Tuesday, July 29, 2008

Observing low scale strings without landscape problems

Tom Taylor is currently visiting Munich and a couple of days ago he had a paper with Dieter Lüst and Stephan Stieberger which discusses (besides many detailed tables) a simple observation: Assume that for some reason the string scale is so much lower than the observed 4d Planck scale that it can be reached by LHC (a possible but admittedly unlikely scenario) and in addition the string coupling is sufficiently small. Then they argue the 2 to 2 gluon amplitude is dominated by the first few Regge poles.

The important consequence of this observation is that this implies that the amplitudes are (up to the string scale, the only parameter) are independent of the details of the compactification and the way susy is broken: This amplitude is the same all over the landscape in all 10^500 vacua!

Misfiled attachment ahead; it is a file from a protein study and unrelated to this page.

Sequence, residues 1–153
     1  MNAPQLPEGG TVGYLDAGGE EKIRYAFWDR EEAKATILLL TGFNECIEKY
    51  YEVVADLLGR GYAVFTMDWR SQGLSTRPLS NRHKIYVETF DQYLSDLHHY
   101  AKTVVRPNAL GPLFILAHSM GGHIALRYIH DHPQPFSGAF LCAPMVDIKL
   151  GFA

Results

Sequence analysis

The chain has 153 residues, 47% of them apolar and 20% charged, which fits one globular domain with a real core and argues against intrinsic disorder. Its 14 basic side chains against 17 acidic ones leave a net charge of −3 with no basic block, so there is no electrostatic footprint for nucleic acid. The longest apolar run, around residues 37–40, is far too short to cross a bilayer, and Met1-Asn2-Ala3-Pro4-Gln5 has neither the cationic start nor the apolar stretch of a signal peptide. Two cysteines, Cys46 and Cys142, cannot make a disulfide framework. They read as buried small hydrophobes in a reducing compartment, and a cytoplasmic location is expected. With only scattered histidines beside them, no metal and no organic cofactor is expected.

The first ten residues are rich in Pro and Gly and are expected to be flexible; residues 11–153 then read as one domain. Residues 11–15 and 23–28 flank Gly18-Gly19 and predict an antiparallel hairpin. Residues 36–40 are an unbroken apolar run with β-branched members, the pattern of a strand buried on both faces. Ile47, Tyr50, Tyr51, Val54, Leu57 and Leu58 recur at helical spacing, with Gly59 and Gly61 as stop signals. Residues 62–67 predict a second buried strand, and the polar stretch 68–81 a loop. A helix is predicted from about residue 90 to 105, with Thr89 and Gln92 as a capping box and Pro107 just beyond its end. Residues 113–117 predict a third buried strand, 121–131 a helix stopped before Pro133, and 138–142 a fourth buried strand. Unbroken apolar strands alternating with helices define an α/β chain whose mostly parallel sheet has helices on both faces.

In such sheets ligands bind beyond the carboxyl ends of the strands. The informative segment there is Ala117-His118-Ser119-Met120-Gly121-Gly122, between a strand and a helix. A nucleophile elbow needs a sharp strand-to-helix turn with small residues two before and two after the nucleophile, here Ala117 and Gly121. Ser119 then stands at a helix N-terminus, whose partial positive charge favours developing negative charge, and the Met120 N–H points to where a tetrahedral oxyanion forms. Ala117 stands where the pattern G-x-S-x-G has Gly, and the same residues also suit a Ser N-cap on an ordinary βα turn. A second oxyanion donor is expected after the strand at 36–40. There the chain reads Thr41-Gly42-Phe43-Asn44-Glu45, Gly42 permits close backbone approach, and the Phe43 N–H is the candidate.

Observationally this would mean the following: At some energy there would be a resonance in the gg->gg scattering (or even better several). The angular distribution of the scattering products are characteristic for the spins of the corresponding Regge poles (i.e. 0 for the lowest, 1 for the next etc) and most importantly, the decay width can be computed from the energy of the resonance (which itself measures the free parameter, the string scale).

Of course, those resonances could still be attributed to some particles but the spin and decay width would be very characteristic for stings. As I said, all this is with the proviso that the string scale is so low it can be reached by LHC (or any accelerator looking for these resonances) and that the coupling is small (which is not so much a constraint as the QCD coupling is related to the string coupling and at those scales is already very small).

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